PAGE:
Citi, Aflac and Verizon: Three different Pega journeys

Three major clients reflect on their different journeys with Pega decisioning and customer service solutions.

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As reflected at this month’s PegaWorld iNspire, Pega’s offerings range from back-office process automation to customer-facing real-time journey creation — all driven by AI. We sat down with three major Pega clients to understand their very different journeys.

And we started with the business that is actually Pega’s oldest existing customer.

Citi and Pega: A ruby anniversary

“While Pega has been with Citi for forty years, I have not,” said Promiti Dutta, head of analytics, technology and innovation for the U.S. personal banking part of Citi. Her Pega journey started when she joined Citi, four years ago.

“The analytics group I am part of oversees how data and analytical capabilities get piped across the firm. We knew that our decision engine was end-of-life and we needed a new one, so the first interactions I had with Pega was with individuals trying to sell us the new Customer Decision Hub. Honestly, we did some research because Pega doesn’t have a monopoly on this — Salesforce has the Einstein machine, Adobe has one, there were some bespoke ones we came across from some smaller names — but the reality was no decision engine has it all and some customization would be needed.”

The conversation turned to who would make the better partner and who would be the best fit with Citi’s vision given the capabilities they were offering. “So which partner did we want to work with? Which partner fit into our vision in the best possible way with the capabilities they were offering at that point four years ago? Pega was certainly the top runner for that.”

Of course, for decades Citi had been running other Pega solutions such as various workflow tools and business case management. Indeed, it wasn’t new to decisioning (at one point it was using Chordiant, the BPM and CRM platform ultimately acquired by Pega). “We were already having customer conversations,” said Dutta, “just not with as much sophistication as the Pega decision engine offers.”

Pega Customer Decision Hub uses AI to identify and suggest next-best-actions for each individual customer in real-time. Citi makes a slightly narrower use of the Hub.

“What we offer to the customer is actually not decided by the decision engine,” explained Dutta. “We have a number of advanced methods and capabilities that we have built internally to determine the ‘what.’ It’s the ‘when’ and the ‘where’ that we use the Decision Hub for. All the ‘whats’ are loaded in an offer palette; using contextual clues and models that run in the decision engine, it figures out when the customer sees the offer.”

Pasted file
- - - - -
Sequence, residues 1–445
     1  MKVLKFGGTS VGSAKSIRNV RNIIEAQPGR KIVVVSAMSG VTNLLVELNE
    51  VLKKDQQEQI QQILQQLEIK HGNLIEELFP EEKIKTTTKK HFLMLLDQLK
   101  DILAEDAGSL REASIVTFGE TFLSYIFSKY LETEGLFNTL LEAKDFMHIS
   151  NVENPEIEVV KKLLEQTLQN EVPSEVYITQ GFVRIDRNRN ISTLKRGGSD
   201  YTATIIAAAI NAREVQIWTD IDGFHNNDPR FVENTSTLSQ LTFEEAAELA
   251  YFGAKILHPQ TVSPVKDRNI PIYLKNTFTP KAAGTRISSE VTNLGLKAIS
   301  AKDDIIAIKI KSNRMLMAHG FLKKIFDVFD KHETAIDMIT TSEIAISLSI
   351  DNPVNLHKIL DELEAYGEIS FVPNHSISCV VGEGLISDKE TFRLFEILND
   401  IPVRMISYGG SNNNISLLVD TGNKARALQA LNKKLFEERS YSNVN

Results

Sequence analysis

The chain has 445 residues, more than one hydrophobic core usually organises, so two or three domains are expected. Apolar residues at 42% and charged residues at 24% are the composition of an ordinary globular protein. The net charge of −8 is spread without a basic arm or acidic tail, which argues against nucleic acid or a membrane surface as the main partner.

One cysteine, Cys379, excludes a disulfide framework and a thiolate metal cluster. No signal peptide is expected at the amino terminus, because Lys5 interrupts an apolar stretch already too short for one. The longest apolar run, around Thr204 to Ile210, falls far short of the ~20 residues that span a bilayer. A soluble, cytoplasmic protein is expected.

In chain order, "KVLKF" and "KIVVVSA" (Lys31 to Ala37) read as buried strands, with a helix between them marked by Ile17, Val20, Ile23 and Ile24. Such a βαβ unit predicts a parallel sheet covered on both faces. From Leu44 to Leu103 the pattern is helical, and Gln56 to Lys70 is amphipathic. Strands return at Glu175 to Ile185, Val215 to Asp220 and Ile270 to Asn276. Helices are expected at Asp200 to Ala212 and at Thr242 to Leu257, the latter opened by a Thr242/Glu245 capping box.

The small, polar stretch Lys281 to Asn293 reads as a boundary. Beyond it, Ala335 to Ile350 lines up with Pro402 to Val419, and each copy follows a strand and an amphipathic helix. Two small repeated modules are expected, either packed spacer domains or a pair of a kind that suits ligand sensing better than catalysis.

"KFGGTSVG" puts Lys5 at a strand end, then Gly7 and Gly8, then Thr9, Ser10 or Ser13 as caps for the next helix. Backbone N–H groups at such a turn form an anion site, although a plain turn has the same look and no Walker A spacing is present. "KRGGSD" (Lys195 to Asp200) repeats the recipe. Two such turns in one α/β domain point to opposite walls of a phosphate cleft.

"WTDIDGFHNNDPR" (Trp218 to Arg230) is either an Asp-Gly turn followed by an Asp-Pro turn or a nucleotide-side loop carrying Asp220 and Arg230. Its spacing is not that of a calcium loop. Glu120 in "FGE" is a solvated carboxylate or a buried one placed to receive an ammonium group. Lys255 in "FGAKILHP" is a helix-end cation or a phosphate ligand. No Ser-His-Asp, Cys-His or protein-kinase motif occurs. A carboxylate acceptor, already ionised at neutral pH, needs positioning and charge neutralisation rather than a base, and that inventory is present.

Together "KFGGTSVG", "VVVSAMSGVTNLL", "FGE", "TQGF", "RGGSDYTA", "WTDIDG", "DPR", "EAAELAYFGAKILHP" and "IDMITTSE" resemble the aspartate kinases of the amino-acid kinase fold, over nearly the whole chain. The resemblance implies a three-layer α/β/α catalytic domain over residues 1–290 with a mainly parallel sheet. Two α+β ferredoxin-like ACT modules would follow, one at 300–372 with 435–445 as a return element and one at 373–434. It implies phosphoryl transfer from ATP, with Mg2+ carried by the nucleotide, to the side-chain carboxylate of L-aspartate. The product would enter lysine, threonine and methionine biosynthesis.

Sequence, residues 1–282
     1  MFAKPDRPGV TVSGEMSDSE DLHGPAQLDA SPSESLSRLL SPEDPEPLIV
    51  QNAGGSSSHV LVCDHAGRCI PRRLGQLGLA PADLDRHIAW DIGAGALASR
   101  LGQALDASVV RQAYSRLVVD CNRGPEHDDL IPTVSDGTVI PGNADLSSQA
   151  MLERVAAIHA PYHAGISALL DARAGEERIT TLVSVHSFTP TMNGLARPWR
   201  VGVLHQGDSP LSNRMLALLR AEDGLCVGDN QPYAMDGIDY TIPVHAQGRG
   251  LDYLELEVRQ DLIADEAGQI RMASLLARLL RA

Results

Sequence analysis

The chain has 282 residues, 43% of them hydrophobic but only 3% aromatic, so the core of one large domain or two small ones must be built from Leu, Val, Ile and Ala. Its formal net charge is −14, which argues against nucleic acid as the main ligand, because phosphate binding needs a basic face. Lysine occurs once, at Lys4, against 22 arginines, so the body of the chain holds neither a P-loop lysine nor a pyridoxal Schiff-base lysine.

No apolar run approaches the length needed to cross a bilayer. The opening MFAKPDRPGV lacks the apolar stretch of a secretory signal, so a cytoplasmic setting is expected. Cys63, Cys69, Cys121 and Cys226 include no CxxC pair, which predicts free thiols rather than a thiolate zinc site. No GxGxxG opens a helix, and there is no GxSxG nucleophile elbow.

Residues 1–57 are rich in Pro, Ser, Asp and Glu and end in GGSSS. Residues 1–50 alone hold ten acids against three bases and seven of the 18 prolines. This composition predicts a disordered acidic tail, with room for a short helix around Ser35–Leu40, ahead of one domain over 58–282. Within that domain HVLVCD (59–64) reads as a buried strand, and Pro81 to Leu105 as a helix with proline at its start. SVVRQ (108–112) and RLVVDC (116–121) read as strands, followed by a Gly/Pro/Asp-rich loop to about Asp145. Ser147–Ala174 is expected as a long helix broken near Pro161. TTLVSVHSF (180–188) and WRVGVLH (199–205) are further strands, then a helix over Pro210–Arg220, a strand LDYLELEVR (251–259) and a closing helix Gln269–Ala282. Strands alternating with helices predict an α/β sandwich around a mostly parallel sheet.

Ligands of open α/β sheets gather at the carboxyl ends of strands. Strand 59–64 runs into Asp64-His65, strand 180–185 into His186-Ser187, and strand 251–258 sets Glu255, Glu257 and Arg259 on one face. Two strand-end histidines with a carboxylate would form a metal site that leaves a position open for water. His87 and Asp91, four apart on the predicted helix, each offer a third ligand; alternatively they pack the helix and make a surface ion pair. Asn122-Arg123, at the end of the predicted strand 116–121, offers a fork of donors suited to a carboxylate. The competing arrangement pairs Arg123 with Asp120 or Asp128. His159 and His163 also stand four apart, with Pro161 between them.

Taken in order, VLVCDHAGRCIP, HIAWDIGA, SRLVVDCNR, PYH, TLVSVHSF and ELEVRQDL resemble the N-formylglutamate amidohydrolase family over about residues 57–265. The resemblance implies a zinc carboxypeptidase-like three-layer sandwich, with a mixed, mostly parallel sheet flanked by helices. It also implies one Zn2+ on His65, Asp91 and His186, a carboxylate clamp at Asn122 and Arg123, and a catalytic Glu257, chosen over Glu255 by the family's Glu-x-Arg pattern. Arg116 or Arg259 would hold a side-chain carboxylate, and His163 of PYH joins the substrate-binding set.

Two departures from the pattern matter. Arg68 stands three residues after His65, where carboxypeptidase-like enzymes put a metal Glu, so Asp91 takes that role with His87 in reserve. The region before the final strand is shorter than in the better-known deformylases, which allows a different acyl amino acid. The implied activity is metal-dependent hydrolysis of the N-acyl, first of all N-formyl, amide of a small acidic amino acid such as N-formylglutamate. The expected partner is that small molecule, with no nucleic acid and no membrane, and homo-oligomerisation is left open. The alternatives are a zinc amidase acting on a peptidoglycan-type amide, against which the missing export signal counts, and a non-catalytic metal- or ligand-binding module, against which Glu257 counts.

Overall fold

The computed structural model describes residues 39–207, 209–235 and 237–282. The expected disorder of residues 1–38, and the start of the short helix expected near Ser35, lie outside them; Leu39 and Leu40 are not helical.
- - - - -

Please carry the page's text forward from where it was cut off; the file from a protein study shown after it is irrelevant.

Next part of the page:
Citi already has predictions about what a customer needs, whether in the form of a product or an offer or some other form of engagement. “What Pega’s decision engine does is, knowing that you’re qualified to receive an offer, or something else, which one should be shown now to be contextually relevant,” Dutta said, adding that the full range of channel interactions are available for Pega to use to make that educated decision.

Like any financial institution, Citi exercises extreme caution in its interactions with customers, strictly respecting model risk management, fair lending and privacy protocols. That does mean some constraints on the use of AI. “Anything that feeds into our Pega Decision Hub undergoes the same scrutiny. We had to send the entire decision engine through that same process to ensure that customers would not be adversely affected.”

Dig deeper: Pega: AI will power the autonomous enterprise

Verizon: Hyper-personalization for business and consumer

Verizon’s business journey started before Tommi Marsans joined Verizon Business Group. Michael Cingari, now VP of marketing science, CX and CRM, had started using Pega’s next-best-action solution several years ago on the consumer side of the business in the customer call center.

“I came through the XO Communications acquisition by Verizon, ” said marketing tech strategist Marsans. “When Verizon 2.0 re-organized us, Mike Cingari started a marketing sciences practice and pulled some of us through there to do a Pega implementation for business. That was 2019. It took us a while to get started, but once we started and had our business case approved, it took us less than 13 months to start showing a return. We did better than break even the first year, then the second year: 20X.”

As with the consumer-side Pega implementation, Marsans and her team were working in the reactive decisioning space — determining next-best-action in response to customer behavior (in this case, business customers). “So when somebody called the call center and wanted to disconnect, there would be a next-best-action for them. We expanded to growth opportunities and upgrades; then went into the non-assisted space, digital, and grew from there.”

We asked her to explain the impact of next-best-action on customer service. “The difference that we’re making is in the assisted channels, where the service reps would delight the customer at all costs — so they always went to the richest offer because that’s the one that would stick, and they never really looked at alternatives. When we gave them alternatives, they used them and it was just as successful; solving a problem for the customer, rather than just paying them to stay, gives a better customer experience as well as a user experience.”

Marsans emphasizes that the customer decisioning is hyper-personalize. “It’s not what we would like to talk to them about; it’s the next-best-offer that we think they would want. It’s not just offers; especially on the business side, there are fully baked solutions. We talk to them about the next best one of those.”